Saturday was the day; World Wet Plate Day came knocking on the door and my mom and I left for the Frederick Scott Archer ceremony in London. We got up at 5 in the morning, left the house at about 6 for the train station in Liège Guillemis (what a wonderful architecture btw, hope to go back there soon!) where we had the train to Bruxelles Midi at 7:06. All went well, finding everything was much easier than I thought it to be.
We arrived in Brussels at 8:30 and we got something to eat. The train for London was supposed to leave at 9:30 and arriving at London at 10:30 local time. Unfortunately it got delayed due some technical issues. 15 minutes was not that bad. Finally we started boarding and the journey continued. During the trip the delays added up to a total time of 43 minutes. Hmmm, but okay, nothing to do about it.
The train ride was very nice and quick, only pressure building up in our ears going in and out of tunnels which was not that nice but before we knew it we were in London. There began the last bit of the journey to Kensal Green by metro. Very easy to find and at around 12:15 we finally did arrive at the place we had to be at. But the cemetery turned out to be quite a challenge in finding the exact spot of the event; it was so big! 70 acres of graves is massive and we got lost. I finally called Quinn to see where they were and after a bit of help we finally walked down the lane which took us to the exhibition and event part.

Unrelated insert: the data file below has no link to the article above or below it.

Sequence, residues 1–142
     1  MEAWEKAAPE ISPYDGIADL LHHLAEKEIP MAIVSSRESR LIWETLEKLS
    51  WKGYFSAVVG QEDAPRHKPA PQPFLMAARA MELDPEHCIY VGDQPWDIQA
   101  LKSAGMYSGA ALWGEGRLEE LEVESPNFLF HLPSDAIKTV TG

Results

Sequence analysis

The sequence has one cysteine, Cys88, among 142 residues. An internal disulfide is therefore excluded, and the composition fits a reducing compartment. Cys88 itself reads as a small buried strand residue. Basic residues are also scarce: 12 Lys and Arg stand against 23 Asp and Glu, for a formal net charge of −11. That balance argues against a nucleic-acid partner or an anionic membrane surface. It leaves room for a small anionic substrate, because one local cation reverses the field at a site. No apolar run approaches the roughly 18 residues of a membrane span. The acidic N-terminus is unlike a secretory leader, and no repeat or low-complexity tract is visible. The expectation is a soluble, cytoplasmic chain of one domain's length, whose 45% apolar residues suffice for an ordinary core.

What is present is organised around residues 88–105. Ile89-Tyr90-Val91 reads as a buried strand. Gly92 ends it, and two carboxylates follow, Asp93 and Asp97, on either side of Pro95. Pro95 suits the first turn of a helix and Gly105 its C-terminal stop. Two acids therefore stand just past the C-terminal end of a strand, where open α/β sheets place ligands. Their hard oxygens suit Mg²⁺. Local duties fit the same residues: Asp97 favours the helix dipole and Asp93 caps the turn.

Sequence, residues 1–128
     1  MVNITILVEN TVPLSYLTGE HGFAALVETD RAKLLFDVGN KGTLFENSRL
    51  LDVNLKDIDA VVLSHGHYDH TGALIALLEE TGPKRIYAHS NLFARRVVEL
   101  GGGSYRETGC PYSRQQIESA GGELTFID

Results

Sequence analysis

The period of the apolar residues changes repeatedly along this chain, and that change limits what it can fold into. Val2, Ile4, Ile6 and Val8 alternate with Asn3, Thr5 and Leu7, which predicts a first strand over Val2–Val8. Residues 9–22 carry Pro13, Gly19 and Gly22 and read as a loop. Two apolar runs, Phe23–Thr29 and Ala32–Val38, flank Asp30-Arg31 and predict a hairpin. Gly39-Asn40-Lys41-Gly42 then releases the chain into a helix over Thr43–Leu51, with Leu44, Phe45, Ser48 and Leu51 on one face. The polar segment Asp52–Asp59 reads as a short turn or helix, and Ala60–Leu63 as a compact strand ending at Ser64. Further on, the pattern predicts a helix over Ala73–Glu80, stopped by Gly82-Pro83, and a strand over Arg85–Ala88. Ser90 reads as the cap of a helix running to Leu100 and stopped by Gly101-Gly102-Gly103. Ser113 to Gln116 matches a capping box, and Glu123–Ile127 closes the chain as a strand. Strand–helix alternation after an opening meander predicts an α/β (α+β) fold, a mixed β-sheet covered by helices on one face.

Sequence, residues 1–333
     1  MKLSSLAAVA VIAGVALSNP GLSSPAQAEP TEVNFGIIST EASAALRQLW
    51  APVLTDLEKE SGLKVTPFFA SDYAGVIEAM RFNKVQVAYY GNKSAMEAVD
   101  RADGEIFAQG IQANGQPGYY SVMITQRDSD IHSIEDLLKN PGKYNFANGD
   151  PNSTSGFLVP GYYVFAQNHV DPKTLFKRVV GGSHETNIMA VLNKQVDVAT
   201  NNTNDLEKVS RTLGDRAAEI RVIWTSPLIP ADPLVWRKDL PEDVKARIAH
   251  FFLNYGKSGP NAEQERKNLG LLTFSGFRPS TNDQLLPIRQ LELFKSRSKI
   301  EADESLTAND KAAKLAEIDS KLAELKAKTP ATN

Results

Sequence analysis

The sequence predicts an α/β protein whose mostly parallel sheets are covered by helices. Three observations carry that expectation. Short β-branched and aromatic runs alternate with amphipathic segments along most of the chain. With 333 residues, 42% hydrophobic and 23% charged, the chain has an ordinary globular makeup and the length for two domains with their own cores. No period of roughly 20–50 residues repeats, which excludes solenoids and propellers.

The event was really well taken care of. The space looked great, they had some nice sandwiches, coffee, tea and wine; all free to take. My mom went for the sandwiches as she was starving from the journey, I went to the gallery to see how everything would look and hang. Really beautiful! The framing was carefully done and looked fantastic! The plates were stunning to see, some really lovely work. One plate of 11×14 standing out to me as I totally loved that size!
During all that time Quinn was outside making plates with the help of Carl and John, discussing things with people.
We arrived too late to join the ceremony of the plaque for Archers’ grave which was a pity. Fortunately a Russian guy (can’t remember his name) wanted to take us to the grave to show it to us which was great because with 70 acres of graves it would’ve been hard to locate it on our own. So he took us there and right before we arrived at his grave we saw a dead fox lying on a grave. Pretty much decomposed and therefor making a terrible good subject to photograph. Unfortunately I only brought my D200 but better than nothing 😉 It’s a good thing that photographs don’t capture smell…
It looked very disturbing but fascinating at the same time. He probably didn’t die very happily and it makes you wonder what happened to him and why he chose to die there, if he chose that at all. The smell, as mentioned before, really wasn’t all that pretty.
After our morbid pause we continued to the grave of Frederick Scott Archer. Now, that was very pretty to see! The plaque really serves him justice.